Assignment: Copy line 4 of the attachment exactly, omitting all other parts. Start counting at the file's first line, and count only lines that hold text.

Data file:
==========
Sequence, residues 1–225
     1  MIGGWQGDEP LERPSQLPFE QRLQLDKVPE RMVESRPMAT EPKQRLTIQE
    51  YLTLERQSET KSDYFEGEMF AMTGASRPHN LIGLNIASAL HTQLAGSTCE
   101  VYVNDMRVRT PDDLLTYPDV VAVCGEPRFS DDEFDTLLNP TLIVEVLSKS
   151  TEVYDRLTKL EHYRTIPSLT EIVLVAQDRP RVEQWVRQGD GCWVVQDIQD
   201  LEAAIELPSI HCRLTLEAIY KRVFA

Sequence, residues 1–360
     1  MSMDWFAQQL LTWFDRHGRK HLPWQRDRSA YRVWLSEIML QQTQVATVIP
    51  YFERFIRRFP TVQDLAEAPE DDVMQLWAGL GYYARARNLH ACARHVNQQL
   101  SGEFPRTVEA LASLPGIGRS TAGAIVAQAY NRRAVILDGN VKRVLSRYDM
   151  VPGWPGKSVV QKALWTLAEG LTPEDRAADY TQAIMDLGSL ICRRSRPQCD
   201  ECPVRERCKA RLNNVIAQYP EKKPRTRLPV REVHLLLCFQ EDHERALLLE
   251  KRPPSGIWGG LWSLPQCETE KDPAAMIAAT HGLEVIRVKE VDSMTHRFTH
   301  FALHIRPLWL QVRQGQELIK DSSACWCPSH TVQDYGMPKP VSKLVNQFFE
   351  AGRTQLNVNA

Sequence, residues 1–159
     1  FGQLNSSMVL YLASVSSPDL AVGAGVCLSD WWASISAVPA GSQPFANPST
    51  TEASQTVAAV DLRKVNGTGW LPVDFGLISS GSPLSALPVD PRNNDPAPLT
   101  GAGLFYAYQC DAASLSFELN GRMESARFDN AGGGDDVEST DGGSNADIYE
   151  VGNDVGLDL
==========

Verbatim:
   101  VYVNDMRVRT PDDLLTYPDV VAVCGEPRFS DDEFDTLLNP TLIVEVLSKS